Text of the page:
Management got low rates "out of mid-air" in an effort to hold their share of a "soft" insurance market, said E. James Stergiou, president of E. James Stergiou Risk Consultants Inc., actuaries and insurance advisors to a number of insurance companies and state insurance departments.
"To keep their market share, they bent over backwards and bought the business," he said. "Now they're making up for past sins."
Insurance companies were charging 35 cents in premium cost during a competitive period in the market when they should have charged $1.40, said Stergiou.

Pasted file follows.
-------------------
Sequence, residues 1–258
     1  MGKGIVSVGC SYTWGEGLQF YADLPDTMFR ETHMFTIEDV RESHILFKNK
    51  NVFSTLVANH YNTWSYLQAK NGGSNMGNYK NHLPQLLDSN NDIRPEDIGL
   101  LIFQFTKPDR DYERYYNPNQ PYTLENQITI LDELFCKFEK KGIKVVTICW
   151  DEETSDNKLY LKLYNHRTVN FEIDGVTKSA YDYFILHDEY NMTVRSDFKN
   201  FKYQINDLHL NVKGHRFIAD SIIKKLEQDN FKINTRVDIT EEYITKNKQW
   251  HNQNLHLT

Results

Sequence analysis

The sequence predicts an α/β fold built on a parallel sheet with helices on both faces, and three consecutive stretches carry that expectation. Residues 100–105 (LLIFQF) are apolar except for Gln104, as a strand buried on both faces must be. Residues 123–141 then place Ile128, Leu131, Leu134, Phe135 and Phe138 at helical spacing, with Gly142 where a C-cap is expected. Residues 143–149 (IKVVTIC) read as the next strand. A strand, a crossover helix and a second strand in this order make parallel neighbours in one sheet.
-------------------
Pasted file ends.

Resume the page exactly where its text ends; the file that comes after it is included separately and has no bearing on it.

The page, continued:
The decisions on premium costs, he told the Select Committee on Insurance Rates and Tort Claims, were based on:
- Data that proved to be inadequate for the period between 1980 and 1985. That information did not consider inflation and an increased growth patterns of losses caused by more frequent damage suits.
Most insurance companies were generally under-reserved, Stergiou said.
- Too much credit was given for investment income at the high interest rates in effect in the early 1980s. …